Under Captain Farrell’s orders,

It’s in the town we halted and set it in a blaze.

There were red-hot balls a-flying,

The groans of soldiers dying,

Flames in the air were flying, and Swayne expiring there,

To retreat our Colonel gave orders,

But we never faltered,

Until killed, wounded, and slaughtered, we won the battle there.

Next morning Naas was tattered,

And all our brethren slaughtered,

Many a valiant hero lay bleeding on the green.

Our Colonel he forsook us,

And cursed Griffith took him,

He immediately was detected and ordered into jail.

Phil Might, the informer cruel,

He robbed us of our jewel,

May the heavens vengeance on him pour down

God and his holy angels

May for ever hate him,

May he be afflicted with the heavenly frown

The boys we have forsaken,

Kilcock town have taken,

Leixlip, Johnstown, and Maynooth, with all its Cavalry,

And home we then returned,

Sparks’s house we burned,

In recompense for Kennedy, that died there on a tree.

Our Captains they combined,

And all together joined,

Straight we marched that night in camp on Wiley’s Hill

Disciplined and well-armed,

But soon we were alarmed,

All by a point of war beat by the Highlandman.

Three hours we gave battle,

Where cannon balls did rattle,

Like hail and claps of thunder they flew about our ears

Our powder and ball did fly

Tremendous through the sky,

Three hundred of their soldiers we left lying there.

The cowards from us flew,

In ambush themselves threw,

The army them all slew, when we were fled away

By the terror of that day,

Our captains run away,

To Newtown bog we returned, the informer Gaitly killed.

Colonel Aylmer bold,

A valiant heart of gold,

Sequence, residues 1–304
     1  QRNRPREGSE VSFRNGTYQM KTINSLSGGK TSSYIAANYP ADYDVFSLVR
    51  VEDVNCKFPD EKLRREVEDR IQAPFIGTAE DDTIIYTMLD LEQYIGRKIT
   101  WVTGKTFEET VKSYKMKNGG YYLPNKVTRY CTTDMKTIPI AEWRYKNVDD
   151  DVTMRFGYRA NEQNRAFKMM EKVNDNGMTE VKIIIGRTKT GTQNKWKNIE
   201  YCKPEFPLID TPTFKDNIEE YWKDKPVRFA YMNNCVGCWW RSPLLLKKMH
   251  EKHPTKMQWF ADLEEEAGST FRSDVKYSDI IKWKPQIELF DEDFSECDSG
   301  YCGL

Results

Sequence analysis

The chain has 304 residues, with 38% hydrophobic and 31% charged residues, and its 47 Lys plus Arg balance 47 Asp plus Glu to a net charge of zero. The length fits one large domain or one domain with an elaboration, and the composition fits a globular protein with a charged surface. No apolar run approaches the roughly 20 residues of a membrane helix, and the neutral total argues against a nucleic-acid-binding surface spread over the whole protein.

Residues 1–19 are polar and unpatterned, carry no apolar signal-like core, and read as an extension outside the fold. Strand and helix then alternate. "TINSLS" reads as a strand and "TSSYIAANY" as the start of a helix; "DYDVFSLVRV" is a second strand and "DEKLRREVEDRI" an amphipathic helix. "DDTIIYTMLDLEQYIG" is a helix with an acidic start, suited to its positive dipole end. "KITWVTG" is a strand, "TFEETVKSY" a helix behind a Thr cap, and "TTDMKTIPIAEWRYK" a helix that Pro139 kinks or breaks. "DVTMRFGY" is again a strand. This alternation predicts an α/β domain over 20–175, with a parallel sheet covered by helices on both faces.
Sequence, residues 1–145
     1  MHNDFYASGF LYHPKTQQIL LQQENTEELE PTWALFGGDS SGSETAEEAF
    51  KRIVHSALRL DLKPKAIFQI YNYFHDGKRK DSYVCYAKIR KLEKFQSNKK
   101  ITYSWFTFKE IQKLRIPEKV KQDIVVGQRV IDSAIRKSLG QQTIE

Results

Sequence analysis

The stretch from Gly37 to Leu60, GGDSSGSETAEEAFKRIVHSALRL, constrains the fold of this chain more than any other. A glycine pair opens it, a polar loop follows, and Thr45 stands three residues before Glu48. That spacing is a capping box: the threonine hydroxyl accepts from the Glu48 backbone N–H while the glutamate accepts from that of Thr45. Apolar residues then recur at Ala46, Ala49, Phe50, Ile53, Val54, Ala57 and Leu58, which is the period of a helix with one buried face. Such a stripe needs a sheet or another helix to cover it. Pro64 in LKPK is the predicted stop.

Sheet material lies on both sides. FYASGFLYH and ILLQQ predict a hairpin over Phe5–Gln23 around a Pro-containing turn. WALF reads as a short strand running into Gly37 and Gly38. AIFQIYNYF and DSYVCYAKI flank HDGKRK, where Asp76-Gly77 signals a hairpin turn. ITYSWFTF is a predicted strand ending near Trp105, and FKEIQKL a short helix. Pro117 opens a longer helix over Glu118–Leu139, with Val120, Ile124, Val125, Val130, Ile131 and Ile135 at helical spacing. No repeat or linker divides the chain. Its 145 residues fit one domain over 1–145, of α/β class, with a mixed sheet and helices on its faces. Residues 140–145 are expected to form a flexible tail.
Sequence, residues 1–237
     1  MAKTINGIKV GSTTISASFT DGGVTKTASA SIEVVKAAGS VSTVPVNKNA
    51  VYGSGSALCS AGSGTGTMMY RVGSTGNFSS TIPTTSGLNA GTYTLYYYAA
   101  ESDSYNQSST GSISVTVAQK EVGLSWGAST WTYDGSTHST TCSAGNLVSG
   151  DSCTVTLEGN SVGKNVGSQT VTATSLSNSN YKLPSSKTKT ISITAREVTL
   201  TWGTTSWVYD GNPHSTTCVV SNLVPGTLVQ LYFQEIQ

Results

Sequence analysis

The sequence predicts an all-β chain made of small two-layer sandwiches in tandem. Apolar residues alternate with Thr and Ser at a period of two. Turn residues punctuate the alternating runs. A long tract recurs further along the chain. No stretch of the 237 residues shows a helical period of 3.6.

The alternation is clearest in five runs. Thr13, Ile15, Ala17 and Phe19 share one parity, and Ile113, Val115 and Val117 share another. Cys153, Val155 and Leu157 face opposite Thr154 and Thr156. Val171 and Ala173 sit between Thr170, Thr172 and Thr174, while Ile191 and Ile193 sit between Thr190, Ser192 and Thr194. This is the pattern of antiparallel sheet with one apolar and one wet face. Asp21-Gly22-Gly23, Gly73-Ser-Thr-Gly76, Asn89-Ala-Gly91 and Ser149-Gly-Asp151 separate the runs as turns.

He never was controlled, but fought most manfully,

He was general-in-chief commander,

Over the Irish banner,

Maintaining Erin’s rights and sweet liberty.

The bloody adulterous crew,

They thought us to subdue,

But well we made them rue the day they did begin,

Whipping and destroying

But our brave Irish boys,

Soon they let them know we were united men.

If Ireland had behaved,

Like Wicklow, Wexford, and Kildare,

The green flag would be hoisted through town and country.

To conclude and make an end,

Here’s a health to united men,

Long may they live and reign over bloody tyranny.

This song was taken from R.R Madden’s volume; Literary Remains of the United Irishmen of 1798. Madden had collected many songs, street ballads and biographies that represented both sides in the rebellion. According to John Devoy (Fenian Leader), this was still the favourite '98 ballad around Naas in the middle of the nineteenth century!


Song of Ovidstown

Oh, Mary get my coat of green,

It’s near the break of day,

In a retreat* my name shall be,

It’s not at home I’ll stay,

The ancient race unto disgrace,

Shall ne’er be brought by me,

Oh, I’m away to Ovidstown to fight for liberty.


With pike so keen, and sash of green,

That emblem dear to me;

Oh, I’m away to Ovidstown to fight for liberty.

Captain Farrell, he has gone,

He was in Donadea;

The moon is up and Hanlon’s troops,

From home are gone away,

Before we dull tomorrow’s sun,

A glorious sight you’ll see,

On all Dara’s plains, we’ll break our chains,

And set old Ireland free.


There is Captain Burke from Barrettstown,

He’s gone with his brave band,

Of full three-hundred green clad youths,

He has at his command,

And Cox’s Corps has left Donore;

I fear that late I’ll be,

To reach the ground where the trumpet sounds,

To set old Ireland free,


Oh, Mary get my coat of green,

It’s near our parting time,

On the old hill of Ballynafagh,

We will fall into line;

Oh! there’s the shout, the boys are out,

Hurrah! Grá Geal Mo Chroí

With that brave band I’ll join my hand,

And set old Ireland free.

*Note: It was said that the United Irishmen went to confessions, received Holy Communion and spent some time on a retreat, before going into battle.  Captain Farrell, was of course the leader of the Prosperous rebels.

bottom of page